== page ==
Two Surrey service providers have had to change their models during the COVID-19 outbreak.
MaryAnne Connor, founder and president of NightShift Street Ministries, said the organization has “absolutely” had to make changes during this pandemic.
She said NightShift’s outreach services have been “scaled down substantially.” Volunteers are no longer serving meals from the parking lot, but from inside NightShift’s door. That decision was made Tuesday (March 17).
“They’re still getting a meal, because we certainly don’t want to stop that, but we’re not mingling with people,” said Connor, adding that volunteers are “respecting social distancing.”
“The Surrey community was very respectful and understanding, and were OK with us keeping the distance.”
While the meal service has been modified, Connor said NightShift has also had to cancel several events, including volunteer training and a sit-down Easter dinner.
However, there are also financial implications.
Connor said they’ve had to move their “biggest fundraiser of the year” to Aug. 16 from May 26. NightShift has also had to purchase utensils and paper bags for the bagged lunches.
“Financially that effects us as well, and who knows what’s next.”
For those wishing to donate to NightShift, they can contact firstname.lastname@example.org.
Surrey Urban Mission Society’s goal during the COVID-19 outbreak is to continue “to support the most vulnerable,” but SUMS executive director Mike Musgrove said it’s also changed how it operates by switching to a full-time shelter at its King George and 108th Avenue location.
“We used to run a shelter that we would send people out in the morning and then they’d come back at night,” said Musgrove. “It’s now moved to 24-7, (with) 46 beds and in order to do that we had to change our meal services, which actually kind of doubled in the whole response program.”
Musgrove said that “at any given time” there is still about 100 people around, but they’ve been serving about 150 people for meals through a by-registration breakfast and lunch program.
“We don’t want people gathering any longer in groups, and we have a hundred people coming for lunch every day,” said Musgrove, adding that people are coming to the SUMS service window to pick up bagged meals now. “This is all very temporary. We want this to be a community society once again but right now we’ve moved to a registration program.”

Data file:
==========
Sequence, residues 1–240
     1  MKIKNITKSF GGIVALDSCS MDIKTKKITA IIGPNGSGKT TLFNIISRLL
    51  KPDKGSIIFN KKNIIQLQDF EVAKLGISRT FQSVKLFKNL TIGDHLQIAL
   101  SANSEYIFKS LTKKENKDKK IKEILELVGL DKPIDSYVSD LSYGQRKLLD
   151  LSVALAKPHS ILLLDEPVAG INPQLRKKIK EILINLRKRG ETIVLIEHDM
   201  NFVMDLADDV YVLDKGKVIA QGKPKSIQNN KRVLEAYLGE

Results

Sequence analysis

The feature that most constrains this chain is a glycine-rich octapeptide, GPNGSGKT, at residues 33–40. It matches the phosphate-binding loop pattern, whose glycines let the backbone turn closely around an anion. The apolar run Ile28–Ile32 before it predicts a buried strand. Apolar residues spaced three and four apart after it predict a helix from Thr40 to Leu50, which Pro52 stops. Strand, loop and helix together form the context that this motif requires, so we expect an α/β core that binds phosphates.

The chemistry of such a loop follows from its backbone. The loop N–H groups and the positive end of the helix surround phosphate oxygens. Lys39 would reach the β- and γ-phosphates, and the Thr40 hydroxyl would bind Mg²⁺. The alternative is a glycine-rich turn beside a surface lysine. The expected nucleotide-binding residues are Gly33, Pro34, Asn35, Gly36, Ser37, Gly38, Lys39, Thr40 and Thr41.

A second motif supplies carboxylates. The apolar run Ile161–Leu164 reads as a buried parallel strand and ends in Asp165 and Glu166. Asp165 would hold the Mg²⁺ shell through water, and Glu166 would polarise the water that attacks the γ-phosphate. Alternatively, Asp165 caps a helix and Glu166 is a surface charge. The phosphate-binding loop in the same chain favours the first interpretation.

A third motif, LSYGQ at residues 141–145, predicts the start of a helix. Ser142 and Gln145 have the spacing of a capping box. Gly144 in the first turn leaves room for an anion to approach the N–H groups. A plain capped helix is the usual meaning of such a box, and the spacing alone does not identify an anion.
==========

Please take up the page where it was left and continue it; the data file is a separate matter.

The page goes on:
While Surrey Urban Mission is still getting donations, Musgrove said those have decreased.
“So in response to that, we just felt like we needed come up with a plan, one that keeps our guests safe, and two, that actually works toward reducing the taxation on our food supply,” he said.
“That’s to serve the most needy. We’re really working to have to watch our food supply.”
As for its other services, Musgrove said SUM has suspended its daytime drop-in services, and are just “dealing with the critical cases.”
“It’s a tough balance,” he said. “We’re, in fact, working on our third edition of our pandemic response plan, but it’s been amazing. We’re getting help from other groups. It’s a time for sharing and working together and co-operating.”
SUMS is still looking for donations for clothing and food, people can contact email@example.com.
Jonquil Hallgate, who is the co-chair of the Surrey Homeless and Housing Task Force, said that to the best of her knowledge, she hasn’t heard of anybody testing “positive or even showing symptoms.”
“Thus far, we’ve been fortunate, and knock on wood, that it hasn’t effected anybody in our community, but plans are being made by the health authorities and BC Housing and the city to step in and have response in place if it’s needed.”
Hallgate said with new information and resources being made available, “a lot of people are still receiving the services that they are in need of, but not necessarily in the same way they were before.”
Hallgate said people can contact the task force, at firstname.lastname@example.org, in co-ordinating how to provide help for any of the service providers.
Asked how the homeless population is reacting to the ever-changing news, Connor said she hasn’t yet heard anything from them.
“It’s hard to get any feedback, but I know people that come here to our outreach dinner, I know the impact it has to that sense of community. I know why they come and it’s not only just about food. They’re frightened too. When you think about it, how will people on the street, if they come down with this virus or come in contact with someone, how are they going to self-isolate?”
For the latest on COVID-19 and coronavirus, visit surreynowleader.com/tag/coronavirus.